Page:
Meanwhile, plagued with personnel shortages, the Russian military command is releasing murderers, cannibals, and serial rapists from prisons, promising them pardons in exchange for taking up arms. Some of them are real life Satanists, convicted of ritual murder. The Kremlin insists that these felons “atone for their guilt with blood” at the front.

On November 21, 2023, Nikolai Ogolobyak, 33, returned from the battlefield in Ukraine to his hometown of Yaroslavl, where he’d been serving a sentence for ritual murders.In 2008, Ogolobyak and his associates brutally murdered four people in a Satanic ritual before dismembering and eating the corpses. A court found them guilty in 2010. Ogolobyak received the maximum sentence of 20 years, of which he served 15 (including two years in pre-trial detention). He then filed a motion to participate in Russia's “special military operation.” After a short period of fighting, he was wounded and pardoned. Ogolobyak himself insisted in an interview that he “never ate anyone” and that the ritual murders “happened by accident.”

Nikolay Ogolobyak
Nikolay Ogolobyak

But while satanists like Ogolobyak have been praised by the Kremlin’s propagandists, the mercenary group that sent them off to war, the Wagner private military company, has suffered a very different fate. In the first months of the war, Wagner fighters were hailed in pro-Kremlin media as heroes, with some “patriotic” mouthpieces going so far as to call them “saints,” “heavenly,” and “God's army.” However, after the late Wagner leader Yevgeny Prigozhin led an abortive armed rebellion against the Russian military command this past June, the Russian Orthodox clergy suddenly discovered that several of the mercenaries had gravitated towards paganism and Satanism.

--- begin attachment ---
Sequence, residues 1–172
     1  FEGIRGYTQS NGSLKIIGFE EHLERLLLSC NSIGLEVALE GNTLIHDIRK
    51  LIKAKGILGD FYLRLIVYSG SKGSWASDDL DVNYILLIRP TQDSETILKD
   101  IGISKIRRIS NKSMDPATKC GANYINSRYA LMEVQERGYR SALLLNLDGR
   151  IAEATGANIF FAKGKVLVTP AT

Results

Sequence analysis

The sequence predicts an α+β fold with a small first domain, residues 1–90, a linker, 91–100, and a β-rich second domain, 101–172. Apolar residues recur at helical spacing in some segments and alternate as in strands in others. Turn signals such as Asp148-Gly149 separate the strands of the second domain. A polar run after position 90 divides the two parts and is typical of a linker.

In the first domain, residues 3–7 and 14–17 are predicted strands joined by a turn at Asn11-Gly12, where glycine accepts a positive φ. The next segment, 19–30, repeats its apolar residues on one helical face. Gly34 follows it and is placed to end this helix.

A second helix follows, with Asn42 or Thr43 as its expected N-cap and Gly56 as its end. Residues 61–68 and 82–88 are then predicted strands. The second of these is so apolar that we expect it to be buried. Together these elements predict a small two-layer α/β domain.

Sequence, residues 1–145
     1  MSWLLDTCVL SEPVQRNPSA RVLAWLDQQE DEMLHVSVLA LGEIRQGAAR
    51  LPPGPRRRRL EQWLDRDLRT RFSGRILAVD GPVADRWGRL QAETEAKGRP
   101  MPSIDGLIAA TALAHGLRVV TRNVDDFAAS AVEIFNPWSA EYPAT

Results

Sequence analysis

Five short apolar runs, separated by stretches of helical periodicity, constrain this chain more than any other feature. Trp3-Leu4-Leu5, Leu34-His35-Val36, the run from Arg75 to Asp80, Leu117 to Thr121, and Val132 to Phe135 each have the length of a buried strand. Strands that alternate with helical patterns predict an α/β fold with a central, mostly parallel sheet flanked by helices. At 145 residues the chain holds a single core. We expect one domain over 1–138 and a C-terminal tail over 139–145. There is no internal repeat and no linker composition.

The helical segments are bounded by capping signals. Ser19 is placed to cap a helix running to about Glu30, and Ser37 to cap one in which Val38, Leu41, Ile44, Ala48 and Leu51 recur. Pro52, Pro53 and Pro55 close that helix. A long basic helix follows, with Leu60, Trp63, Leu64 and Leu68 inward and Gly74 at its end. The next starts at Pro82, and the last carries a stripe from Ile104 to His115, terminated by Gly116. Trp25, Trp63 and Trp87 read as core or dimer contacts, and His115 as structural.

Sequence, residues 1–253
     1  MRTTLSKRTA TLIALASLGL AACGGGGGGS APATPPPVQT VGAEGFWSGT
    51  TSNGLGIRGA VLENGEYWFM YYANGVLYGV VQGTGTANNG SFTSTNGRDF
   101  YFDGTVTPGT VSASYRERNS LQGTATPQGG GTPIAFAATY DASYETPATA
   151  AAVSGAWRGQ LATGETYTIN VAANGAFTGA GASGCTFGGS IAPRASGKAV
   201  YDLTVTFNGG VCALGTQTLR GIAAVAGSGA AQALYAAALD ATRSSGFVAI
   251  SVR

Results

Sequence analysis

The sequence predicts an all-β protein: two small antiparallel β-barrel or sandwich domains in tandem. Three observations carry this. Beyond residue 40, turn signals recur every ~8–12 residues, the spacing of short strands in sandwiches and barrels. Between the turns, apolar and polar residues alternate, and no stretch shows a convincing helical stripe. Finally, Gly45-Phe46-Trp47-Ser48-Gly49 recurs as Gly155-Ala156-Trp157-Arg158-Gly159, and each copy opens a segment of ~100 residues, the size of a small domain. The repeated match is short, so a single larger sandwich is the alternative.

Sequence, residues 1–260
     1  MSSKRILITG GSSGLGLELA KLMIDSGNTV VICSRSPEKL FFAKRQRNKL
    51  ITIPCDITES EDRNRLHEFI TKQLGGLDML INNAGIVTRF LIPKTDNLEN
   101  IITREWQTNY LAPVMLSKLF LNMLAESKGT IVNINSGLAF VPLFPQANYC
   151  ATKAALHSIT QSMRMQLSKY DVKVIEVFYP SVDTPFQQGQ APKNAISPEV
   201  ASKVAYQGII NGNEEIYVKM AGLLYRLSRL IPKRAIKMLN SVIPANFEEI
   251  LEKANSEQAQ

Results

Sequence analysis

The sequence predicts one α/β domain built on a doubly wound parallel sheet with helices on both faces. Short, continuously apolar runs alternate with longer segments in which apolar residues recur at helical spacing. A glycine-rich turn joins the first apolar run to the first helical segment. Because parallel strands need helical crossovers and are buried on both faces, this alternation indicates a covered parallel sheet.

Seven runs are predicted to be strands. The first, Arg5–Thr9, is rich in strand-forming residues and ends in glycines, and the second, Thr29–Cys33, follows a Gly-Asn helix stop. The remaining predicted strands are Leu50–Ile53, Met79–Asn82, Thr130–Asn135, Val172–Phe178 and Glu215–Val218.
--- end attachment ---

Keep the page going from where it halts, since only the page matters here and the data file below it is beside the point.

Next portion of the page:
In other words, any opponent of the current regime becomes a “Satanist” in the language of propaganda. Meanwhile, actual Satanism is a fairly popular subculture in Russia, with thousands of followers and a century-long history.

The essence and varieties of Satanism

The first Satanist communities emerged in the Russian Empire in the early 20th century, and it was not in Kharkiv or Odesa but in Saint Petersburg. As researchers Konstantin Kislyuk and Oleg Kucher write in “Religious Studies,” the Russian Satanist George Gurdjieff, who was nicknamed the Prophet of Beelzebub, enjoyed the personal patronage of Nicholas II. In the Soviet Union, the earliest Satanist groups appeared in the early 1970s in Moscow, Leningrad, and Odesa.